If you order seafood in the Philadelphia area -- whether it's the go-for-broke omakase menu at Royal Izakaya or a piece of salmon at a store -- chances are good it rolled through Samuels & Son, in a gigantic building near the stadiums in South Philadelphia.
Samuels moves 40 million pounds of seafood a year, not only along the East Coast but in the Pittsburgh, Orlando, and Las Vegas areas, says Sammy D'Angelo, whose grandfather Giuseppe Ippolito got into the business about 90 years ago with a shop on a South Philadelphia corner.
D'Angelo, 60, a wiry guy who still lives in South Philly with his wife, Donna, runs the business with his four children. On any given day, you'll find a chef or two checking specials. Samuels operates 24 hours a day, employing 450 people, including fish cutters, salespeople, and a chef trained at the Culinary Institute of America.
What's your first memory of the business?
Working at Ippolito's, at 13th and Dickinson, and taking care of the fish. Putting ice on the fish, maintaining good displays, and restocking. I was about 9, 10 years old.
Was there any thought that you wouldn't go into the seafood business?
Well, you really didn't have too many options. You were in the seafood business. That was, like, being on a farm. You wake up every day. Somebody's got to take care of the roosters, the cows got to be milked, and the plants and everything's got to be watered. But everybody has, of course, aspirations to do something else. I was a musician, so my goal was to play [piano] in a band.
How did the business grow?
When I got out of high school [Central], we [with his wife, Donna] started having kids, and I had more mouths to feed. At that time, we were doing a lot of South Philadelphia restaurants. We were doing some hotels in Center City, and the store was just getting too small. Especially Fridays. That was fish day. At the same time, the restaurants were calling us for the weekend, and it was interfering. In 1989, as we moved to the food-distribution center, we decided to go out and solicit business from some of the restaurants and some of the bars. ... People were starting to eat more fish. They were starting to become more health-conscious. There was air freight for new and different species. The dynamics of the business were changing, and, at the same time, so was the demand. People would go to a restaurant, they would try red snapper, and they wanted it at the local store.
You sell a lot to sushi restaurants. How did you get into that?
I think it was the early '90s, when we brought a Korean salesman on board to help us understand better the sushi business. We hired different people who really understood the sushi products, including Joe Lasprogata [then director of purchasing, now a vice president]. If you had good tuna, then you could sell the rest of the line. But you had to have good tuna first. We started to build our quest for the best tuna that we could find, and then we would use that as an entree into the sushi restaurants.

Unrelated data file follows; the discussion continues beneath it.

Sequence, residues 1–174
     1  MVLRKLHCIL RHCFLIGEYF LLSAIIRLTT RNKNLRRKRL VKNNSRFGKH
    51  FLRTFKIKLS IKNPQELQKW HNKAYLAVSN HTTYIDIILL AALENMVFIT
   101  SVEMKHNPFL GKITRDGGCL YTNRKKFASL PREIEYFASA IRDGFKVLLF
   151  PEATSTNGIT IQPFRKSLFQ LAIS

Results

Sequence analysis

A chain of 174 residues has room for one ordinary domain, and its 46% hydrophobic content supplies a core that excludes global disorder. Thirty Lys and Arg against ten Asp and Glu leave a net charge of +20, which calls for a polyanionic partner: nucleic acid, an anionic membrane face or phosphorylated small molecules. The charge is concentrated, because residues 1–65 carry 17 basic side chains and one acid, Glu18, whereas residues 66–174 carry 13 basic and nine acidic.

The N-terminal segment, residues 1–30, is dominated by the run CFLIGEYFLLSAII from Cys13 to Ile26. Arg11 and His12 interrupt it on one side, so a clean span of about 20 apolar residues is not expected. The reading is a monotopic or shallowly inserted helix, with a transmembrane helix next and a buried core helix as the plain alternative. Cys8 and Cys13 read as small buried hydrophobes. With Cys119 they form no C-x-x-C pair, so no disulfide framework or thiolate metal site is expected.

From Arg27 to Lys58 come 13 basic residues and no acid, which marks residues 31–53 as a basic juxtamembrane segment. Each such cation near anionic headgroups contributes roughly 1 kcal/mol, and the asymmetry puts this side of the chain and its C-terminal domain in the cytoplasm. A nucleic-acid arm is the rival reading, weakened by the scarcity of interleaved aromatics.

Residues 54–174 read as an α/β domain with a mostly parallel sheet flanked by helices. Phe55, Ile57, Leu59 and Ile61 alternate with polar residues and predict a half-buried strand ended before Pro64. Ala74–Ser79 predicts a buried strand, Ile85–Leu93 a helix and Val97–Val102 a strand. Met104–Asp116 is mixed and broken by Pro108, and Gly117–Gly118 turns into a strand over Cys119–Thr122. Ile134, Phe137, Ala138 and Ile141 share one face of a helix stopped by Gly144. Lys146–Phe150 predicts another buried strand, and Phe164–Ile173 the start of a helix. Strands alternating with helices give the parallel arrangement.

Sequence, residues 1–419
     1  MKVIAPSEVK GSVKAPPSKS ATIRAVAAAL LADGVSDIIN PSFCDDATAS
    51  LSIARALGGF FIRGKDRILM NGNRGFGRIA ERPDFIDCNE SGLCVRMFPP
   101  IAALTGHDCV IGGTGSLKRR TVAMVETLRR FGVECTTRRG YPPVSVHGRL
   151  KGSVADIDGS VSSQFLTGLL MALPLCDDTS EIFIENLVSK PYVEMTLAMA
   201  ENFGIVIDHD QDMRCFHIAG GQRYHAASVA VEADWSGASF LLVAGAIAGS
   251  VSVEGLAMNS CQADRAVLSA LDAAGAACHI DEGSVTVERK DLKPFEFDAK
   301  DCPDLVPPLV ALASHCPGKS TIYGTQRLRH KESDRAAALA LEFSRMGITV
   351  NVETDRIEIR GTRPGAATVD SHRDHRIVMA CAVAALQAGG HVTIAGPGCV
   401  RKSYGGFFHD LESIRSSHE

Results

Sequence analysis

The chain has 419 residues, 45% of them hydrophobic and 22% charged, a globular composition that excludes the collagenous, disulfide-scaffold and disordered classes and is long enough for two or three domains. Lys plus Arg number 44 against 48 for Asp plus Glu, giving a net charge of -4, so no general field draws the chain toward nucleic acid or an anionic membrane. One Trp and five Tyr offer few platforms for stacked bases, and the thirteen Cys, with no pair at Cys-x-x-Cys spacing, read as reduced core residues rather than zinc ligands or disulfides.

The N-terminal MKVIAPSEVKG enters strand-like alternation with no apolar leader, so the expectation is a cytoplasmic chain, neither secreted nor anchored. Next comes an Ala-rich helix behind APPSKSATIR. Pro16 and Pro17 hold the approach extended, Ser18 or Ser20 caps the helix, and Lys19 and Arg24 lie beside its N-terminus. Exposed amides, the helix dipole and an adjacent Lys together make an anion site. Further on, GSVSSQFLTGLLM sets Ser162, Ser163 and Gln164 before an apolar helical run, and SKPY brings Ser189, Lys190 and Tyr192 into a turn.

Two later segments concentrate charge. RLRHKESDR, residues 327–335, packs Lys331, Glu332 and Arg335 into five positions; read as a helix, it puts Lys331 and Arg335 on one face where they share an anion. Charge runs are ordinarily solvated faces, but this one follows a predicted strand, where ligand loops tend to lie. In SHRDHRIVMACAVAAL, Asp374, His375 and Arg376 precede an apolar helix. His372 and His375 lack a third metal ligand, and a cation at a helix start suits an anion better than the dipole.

How has the business changed, say in the last 10 years or so?
Well, I think the consumer is much more educated today in terms of availability, in terms of species. Years ago, mahi-mahi. Nobody knew what it was. Well, mahi-mahi is a household item now. It became more widespread in terms of availability, and the air freight, the internet connected everybody together. Now, they want Spanish octopus or Madai snapper from Japan.
How did the company handle growing pains?
Well, as I was growing, I got my children to help me. So they were there. I have four kids. So it's only 100 people per child. They're all very much involved in the business. My daughter Lauren [age 33] oversees the sales department. Donna  oversees our marketing department. My son Sam [who turns 36 in late May] oversees our retail division, and Anthony  oversees our expansion programs in other cities and is also in charge of new products, visiting our overseas partners, whether they're in India or Spain.
What's your long-term plan or goal?
Competing with the bigger houses -- primarily,the food-service companies that are just very powerful these days. One thing that we do better than them, for sure, is understand the product line. If you understand the product line, if you understand the seasonability, you understand market trends. We don't just get on the phone and place an order. We're studying day in and day out.
Is there a seafood line that's going to become really big?
For a while, there was a lot of Amazonian fish that were becoming more popular. ... I think octopus has grown exponentially over the last five years. It's not new, but it's relatively new to the American market. There are different species out of Antarctica that haven't come to the market yet. We had a shipment come in a couple weeks ago of a mackerel that nobody's ever seen before. Every day's an adventure. You never know what you're going to find.
What is your dream seafood meal?